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US Working With India on Enhanced ASW Capability

Clearly, as the challenge from the Chinese Navy grows, the US needs to work with core allies and partners to shape more effective defenses in the years ahead.

India is clearly a partner in this effort.

According to an article published in April 2019by our partner India Strategic, the US State Department has approved sale of MH-60R ASW helicopters to India.



New Delhi. The US State Department has approved the sale of 24 Lockheed Martin MH-60R anti-submarine helicopters to India, paving the way for final negotiations to set the price and what onboard equipment and weapons will be required by the Indian Navy.

The Defense Security Cooperation Agency (DSCA) of the State Department announced approval on April 2, under the Foreign Military Sale (FMS) programme “for an estimated $2.6 billion” for the multi-mission helicopters. Procedurally, DSCA has to notify the US Congress, which it did, saying the proposed sale will strengthen the US-Indian strategic relationship and “improve the security of a major defensive partner which continues to be an important force for political stability, peace, and economic progress in the Indo-Pacific and South Asia region.”

This is the first time that the Indian Navy will get one of the most advanced Anti-submarine helicopters, equipped with Raytheon’s MK-54 torpedoes, Lockheed Martin’s Hellfire missiles, Advanced Precision Kill Weapon System (APKWS) and its Rockets, Night Fighting systems, sophisticated radars and secure communication devices. Just about the same that the US Navy uses.

The Indian Navy had decided about five years ago to go in for this helicopter, then Made and Sold by Sikorsky, and as usual there were procedural hiccups in India. Later, Lockheed Martin acquired Sikorsky, and the deal was closed.

Air Vice Marshal AJS Walia (Retd) and later Dr Vivek Lall, Lockheed Martin’s Vice President for Strategy and Business Development, coordinated the negotiations with Indian authorities. The Ministry of Defence will now set up a Price Negotiations Committee (PNC) to finalise the deal, and the supply of helicopters will commence around three years after the first payment is made.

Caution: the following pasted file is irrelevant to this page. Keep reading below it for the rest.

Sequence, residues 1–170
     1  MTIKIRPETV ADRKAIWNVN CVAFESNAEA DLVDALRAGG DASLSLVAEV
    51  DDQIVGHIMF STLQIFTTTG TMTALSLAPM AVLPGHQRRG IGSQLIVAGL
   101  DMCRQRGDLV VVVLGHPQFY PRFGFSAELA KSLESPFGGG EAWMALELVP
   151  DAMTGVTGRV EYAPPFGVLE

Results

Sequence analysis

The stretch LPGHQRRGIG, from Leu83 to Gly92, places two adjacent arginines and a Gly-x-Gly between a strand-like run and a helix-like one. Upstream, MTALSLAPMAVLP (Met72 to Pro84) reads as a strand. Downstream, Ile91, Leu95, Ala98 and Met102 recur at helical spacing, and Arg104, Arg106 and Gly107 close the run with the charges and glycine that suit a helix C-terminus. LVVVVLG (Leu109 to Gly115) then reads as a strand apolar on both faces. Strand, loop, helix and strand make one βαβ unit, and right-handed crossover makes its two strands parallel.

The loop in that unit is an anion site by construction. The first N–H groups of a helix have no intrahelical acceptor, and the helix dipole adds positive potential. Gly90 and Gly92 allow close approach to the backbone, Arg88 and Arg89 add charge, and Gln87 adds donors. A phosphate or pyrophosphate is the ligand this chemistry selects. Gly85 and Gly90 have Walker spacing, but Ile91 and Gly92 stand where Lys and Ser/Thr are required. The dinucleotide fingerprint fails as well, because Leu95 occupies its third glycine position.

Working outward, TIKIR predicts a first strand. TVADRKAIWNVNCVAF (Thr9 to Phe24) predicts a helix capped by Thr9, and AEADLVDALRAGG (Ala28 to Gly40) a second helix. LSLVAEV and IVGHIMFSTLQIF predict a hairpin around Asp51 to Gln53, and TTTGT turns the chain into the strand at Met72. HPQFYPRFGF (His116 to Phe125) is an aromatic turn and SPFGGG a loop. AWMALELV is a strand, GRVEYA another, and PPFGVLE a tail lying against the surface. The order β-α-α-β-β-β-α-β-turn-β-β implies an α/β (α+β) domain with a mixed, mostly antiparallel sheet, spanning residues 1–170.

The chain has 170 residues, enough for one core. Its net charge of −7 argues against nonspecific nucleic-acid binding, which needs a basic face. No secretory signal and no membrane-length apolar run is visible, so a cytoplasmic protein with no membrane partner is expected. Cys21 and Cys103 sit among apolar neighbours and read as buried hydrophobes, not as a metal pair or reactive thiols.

Indian Navy sources said the helicopters are needed at the earliest possible, and the US company may be asked to expedite the delivery on As Soon As Possible basis.


As for the Weapons and Systems on board, DSCA said:

The Government of India has requested to buy twenty-four (24) MH-60R Multi-Mission helicopters, equipped with the following ::

Thirty (30) APS-153(V) Multi-Mode radars (24 installed, 6 spares); sixty (60) T700-GE-401C engines (48 installed and 12 spares); twenty-four (24) Airborne Low Frequency System (ALFS) (20 installed, 4 spares); thirty (30) AN/AAS-44C(V) Multi-Spectral Targeting System (24 installed, 6 spares); fifty-four (54) Embedded Global Positioning System/Inertial Navigation Systems (EGI) with Selective Availability/Anti-Spoofing Module (SAASM) (48 installed, 6 spares); one thousand (1,000) AN/SSQ-36/53/62 sonobuoys; ten (10) AGM-114 Hellfire missiles; five (5) AGM-114 M36-E9 Captive Air Training Missiles (CATM); four (4) AGM-114Q Hellfire Training missiles; thirty-eight (38) Advanced Precision Kill Weapons System (APKWS) rockets; thirty (30) MK-54 torpedoes; twelve (12) M-240D Crew Served guns; twelve (12) GAU-21 Crew Served guns; two (2) Naval Strike Missile Emulators; four (4) Naval Strike Missile Captive Inert Training missiles; one (1) MH-60B/R Excess Defense Article (EDA) USN legacy aircraft.

Also included are seventy (70) AN/AVS-9 Night Vision Devices; fifty-four (54) AN/ARC-210 RT-1990A(C) radios with COMSEC (48 installed, 6 spares); thirty (30) AN/ARC-220 High Frequency radios (24 installed, 6 spares); thirty (30) AN/APX-123 Identification Friend or Foe (IFF) transponders (24 installed, 6 spares); spare engine containers; facilities study, design, and construction; spare and repair parts; support and test equipment; communication equipment; ferry support; publications and technical documentation; personnel training and training equipment; US Government and contractor engineering, technical and logistics support services; and other related elements of logistical and program support.

The total estimated cost is $2.6 billion.

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